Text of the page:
Israeli Rocker Recreates Temple Instruments on new "Levite" CD

Ilan Green's 'Voices of the Levites' uses re-created instruments based on those used in the Holy Temple. His concerts unite secular and religious.

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Ben Bresky, | updated: 22:58

The "Mahol", a drum shaped like a Jewish star
The "Mahol", a drum shaped like a Jewish star

Ilan Green, formerly of the hit Israeli rock group Tractor's Revenge has released a new CD called Kolot HaLeviim, Voices of the Levites. The album uses recreated instruments based on Jewish text's description of instruments used in the ancient Holy Temple in Jerusalem.

Green was interviewed on Israel National Radio's The Beat about how his concerts bring secular and religious Israelis together and how a walk through the streets of Jerusalem inspired him to build a Temple instrument - the small mysterious tree of bells named 'ayelet hashachar' - the morning star.


Question: Tell us about Voices of the Levites.

Ilan Green: I am not claiming these instruments are the original ones. They are all from my imagination. I found a lot of names of instruments [in the Torah and Mishna]. Nobody can tell what they actually were. They were lost. And I thought, OK, this is where I can come and invent them, or rather, re-invent them. It's just my proposal. It's an artistic project. I believe it has a strong connection to today's times.

Question: How did you and the band get together to do this?

Ilan Green: It took me a lot of time. I had to build the instruments. It took me a year to build 16 instruments. Then I started to look for people to play them. One of them, Guy Sherf, I already played with and is also an instrument builder. The other ones, I was looking for people who could play not only ordinary instruments, but who could try and make sounds from other things. It was a slow process. A few times people came and then left.

Each of us brings our own musical influences from different parts of the world. The drummer for example, Shahar Katchka was living in Africa for a few years learning African drumming. The singer Avital Raz was studying music in India for 6 years. Many influences from around the world combined together here in Jerusalem.

Question: You were in the band Nikmat HaTractor [Tractor's Revenge] which had a string of hits in the 1990s. What is your background? Hard rock?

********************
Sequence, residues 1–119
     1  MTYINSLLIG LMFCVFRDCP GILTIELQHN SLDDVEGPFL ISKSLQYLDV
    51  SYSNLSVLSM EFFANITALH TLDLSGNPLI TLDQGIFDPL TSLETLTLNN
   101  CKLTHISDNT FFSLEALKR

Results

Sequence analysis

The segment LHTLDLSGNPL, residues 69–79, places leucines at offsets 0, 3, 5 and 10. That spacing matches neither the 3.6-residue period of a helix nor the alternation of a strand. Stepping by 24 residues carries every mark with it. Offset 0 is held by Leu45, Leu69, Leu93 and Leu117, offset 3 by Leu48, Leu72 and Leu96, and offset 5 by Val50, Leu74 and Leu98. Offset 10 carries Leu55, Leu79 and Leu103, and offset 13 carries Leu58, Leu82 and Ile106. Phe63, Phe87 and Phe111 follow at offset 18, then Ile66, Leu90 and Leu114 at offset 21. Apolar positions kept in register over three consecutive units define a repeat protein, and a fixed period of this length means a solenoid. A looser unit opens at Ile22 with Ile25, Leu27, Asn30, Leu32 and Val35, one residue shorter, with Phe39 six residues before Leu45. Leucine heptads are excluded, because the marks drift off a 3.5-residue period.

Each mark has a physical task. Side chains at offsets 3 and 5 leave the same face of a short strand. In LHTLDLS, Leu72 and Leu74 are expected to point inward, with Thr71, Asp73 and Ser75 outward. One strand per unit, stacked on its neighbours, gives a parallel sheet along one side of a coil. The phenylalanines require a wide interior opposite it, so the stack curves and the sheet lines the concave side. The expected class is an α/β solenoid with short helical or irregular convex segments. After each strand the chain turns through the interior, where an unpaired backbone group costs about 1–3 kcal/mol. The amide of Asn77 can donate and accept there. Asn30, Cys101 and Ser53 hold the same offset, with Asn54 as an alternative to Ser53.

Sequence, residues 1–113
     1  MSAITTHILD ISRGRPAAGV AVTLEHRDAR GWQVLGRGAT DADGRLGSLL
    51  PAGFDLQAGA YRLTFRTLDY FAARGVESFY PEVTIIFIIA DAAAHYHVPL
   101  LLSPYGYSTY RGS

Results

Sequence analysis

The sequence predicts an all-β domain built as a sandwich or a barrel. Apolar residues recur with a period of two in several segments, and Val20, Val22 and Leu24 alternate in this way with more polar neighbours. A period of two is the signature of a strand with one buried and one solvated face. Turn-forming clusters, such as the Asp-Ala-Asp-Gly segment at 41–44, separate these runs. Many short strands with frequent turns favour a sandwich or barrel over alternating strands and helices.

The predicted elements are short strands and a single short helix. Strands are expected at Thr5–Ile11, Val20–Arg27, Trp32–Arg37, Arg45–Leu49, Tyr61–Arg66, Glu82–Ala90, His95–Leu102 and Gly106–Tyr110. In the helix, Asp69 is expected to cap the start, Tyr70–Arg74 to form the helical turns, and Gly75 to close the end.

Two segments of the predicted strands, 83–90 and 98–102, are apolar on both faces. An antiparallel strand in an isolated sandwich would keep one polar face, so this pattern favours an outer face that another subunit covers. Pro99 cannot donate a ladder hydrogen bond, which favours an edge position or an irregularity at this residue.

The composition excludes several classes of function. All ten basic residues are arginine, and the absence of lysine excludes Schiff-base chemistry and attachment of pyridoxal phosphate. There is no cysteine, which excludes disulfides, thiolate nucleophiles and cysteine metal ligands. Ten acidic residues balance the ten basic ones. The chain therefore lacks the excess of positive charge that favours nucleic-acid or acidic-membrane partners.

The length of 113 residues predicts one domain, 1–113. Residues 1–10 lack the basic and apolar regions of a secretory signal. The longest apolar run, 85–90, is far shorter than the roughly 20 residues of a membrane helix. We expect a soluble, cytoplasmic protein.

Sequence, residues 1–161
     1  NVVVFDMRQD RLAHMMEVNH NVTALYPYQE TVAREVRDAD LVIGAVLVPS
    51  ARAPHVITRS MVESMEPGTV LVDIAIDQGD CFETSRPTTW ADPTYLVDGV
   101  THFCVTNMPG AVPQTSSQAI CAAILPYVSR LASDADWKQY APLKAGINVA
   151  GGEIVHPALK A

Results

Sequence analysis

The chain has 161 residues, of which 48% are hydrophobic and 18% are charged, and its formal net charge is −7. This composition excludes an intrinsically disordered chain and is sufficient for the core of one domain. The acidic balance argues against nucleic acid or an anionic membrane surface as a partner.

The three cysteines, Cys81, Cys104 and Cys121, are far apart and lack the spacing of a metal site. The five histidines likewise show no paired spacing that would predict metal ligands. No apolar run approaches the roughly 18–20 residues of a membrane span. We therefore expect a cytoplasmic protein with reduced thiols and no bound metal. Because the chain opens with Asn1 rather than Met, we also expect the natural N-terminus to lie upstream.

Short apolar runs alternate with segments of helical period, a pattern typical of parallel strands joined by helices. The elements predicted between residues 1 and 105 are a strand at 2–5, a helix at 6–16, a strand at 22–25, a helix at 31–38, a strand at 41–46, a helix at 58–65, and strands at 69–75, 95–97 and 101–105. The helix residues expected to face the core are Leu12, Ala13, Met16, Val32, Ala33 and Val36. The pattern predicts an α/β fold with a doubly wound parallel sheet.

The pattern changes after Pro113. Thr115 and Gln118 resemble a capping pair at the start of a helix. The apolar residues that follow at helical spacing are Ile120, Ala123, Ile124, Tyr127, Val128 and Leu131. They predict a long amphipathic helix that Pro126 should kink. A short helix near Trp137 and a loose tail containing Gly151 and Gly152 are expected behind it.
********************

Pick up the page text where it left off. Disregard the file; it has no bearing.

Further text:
Ilan Green: I started from rock. I was in Tractor's Revenge for 15 years. But side by side to it, I was always making different projects, for theater, for dance, for film and my own projects. I like building instruments very much. Not only acoustic ones, but also from junk, and things you find in toy shops. I like to take children's toys and change them and put more functions into them.

I like hip hop and rock music but I like also to make things more profound, to investigate, to find different sides of music, not only to make hit songs for the radio. I am between the worlds of experimental on one hand and pop on the other. And that's OK. I love them both.

I like to invent projects and then afterward find the audience for it. My projects don't always fit into the ordinary music venues. But that's OK.

Question: What is it like when you perform Voices of the Levites?

Ilan Green: The reactions are very emotional. I think the Temple is a place that can speak to everybody, every Jew and non-Jew. I found the Temple a place that is important to every Jew. Never mind if he is religious, or not. It can also be a metaphoric place. It's like everybody can be connected. And people who come to our show have great emotion about it. It's like a need to connect themselves to their history. It's a part of my history too. It doesn't matter if I am religious today or not. I know there was a lot of ancient music there in the Temple.

Question: Any particular story from the performances or from the recording of the CD?

Ilan Green: I remember when we just began working on it, I was walking in Jerusalem, near the Har HaBayit in the Musrara neighborhood [Green is founder and teacher of the new Music department at the Musrara School in Jerusalem's Morasha neighborhood.] I was thinking about what the first instrument we would build should be. And then suddenly, I saw on the road a few trees cut down that someone put on the road waiting for the truck to come and collect them. I just looked at them and immediately got the idea to make the first instrument which is ayelet hashachar. It is a tree that I tied a lot of bells to on it's branches. When you touch the tree, all the bells ring together. That idea was just from something I saw on the streets of Jerusalem.

Question: Any final words about your music?

Ilan Green: I see that this project can make a connection between people because after the shows I see religious with non-religious talking about it. For a minute, they forget the present and talk about the past. There is a strong connection between us all and maybe this is the best thing all of us can do.

Voices of the Levites performs next at the Bible Lands Museum in Jerusalem on December 16th. For more information visit

Ben Bresky is the host of the Israel Beat Jewish Music Podcast on Israel National